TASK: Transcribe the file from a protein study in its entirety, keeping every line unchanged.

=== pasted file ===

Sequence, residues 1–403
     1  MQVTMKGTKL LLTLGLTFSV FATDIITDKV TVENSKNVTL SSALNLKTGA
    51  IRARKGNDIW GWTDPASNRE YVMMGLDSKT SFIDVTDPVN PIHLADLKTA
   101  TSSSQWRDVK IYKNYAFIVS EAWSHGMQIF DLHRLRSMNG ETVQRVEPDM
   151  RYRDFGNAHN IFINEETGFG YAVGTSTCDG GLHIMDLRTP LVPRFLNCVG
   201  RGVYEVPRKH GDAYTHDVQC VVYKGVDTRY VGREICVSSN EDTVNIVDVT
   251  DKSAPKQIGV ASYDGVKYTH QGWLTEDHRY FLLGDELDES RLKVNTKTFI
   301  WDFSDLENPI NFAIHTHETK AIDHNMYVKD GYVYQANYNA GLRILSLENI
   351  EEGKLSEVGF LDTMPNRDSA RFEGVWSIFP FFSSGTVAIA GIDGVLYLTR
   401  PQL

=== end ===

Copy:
Sequence, residues 1–403
     1  MQVTMKGTKL LLTLGLTFSV FATDIITDKV TVENSKNVTL SSALNLKTGA
    51  IRARKGNDIW GWTDPASNRE YVMMGLDSKT SFIDVTDPVN PIHLADLKTA
   101  TSSSQWRDVK IYKNYAFIVS EAWSHGMQIF DLHRLRSMNG ETVQRVEPDM
   151  RYRDFGNAHN IFINEETGFG YAVGTSTCDG GLHIMDLRTP LVPRFLNCVG
   201  RGVYEVPRKH GDAYTHDVQC VVYKGVDTRY VGREICVSSN EDTVNIVDVT
   251  DKSAPKQIGV ASYDGVKYTH QGWLTEDHRY FLLGDELDES RLKVNTKTFI
   301  WDFSDLENPI NFAIHTHETK AIDHNMYVKD GYVYQANYNA GLRILSLENI
   351  EEGKLSEVGF LDTMPNRDSA RFEGVWSIFP FFSSGTVAIA GIDGVLYLTR
   401  PQL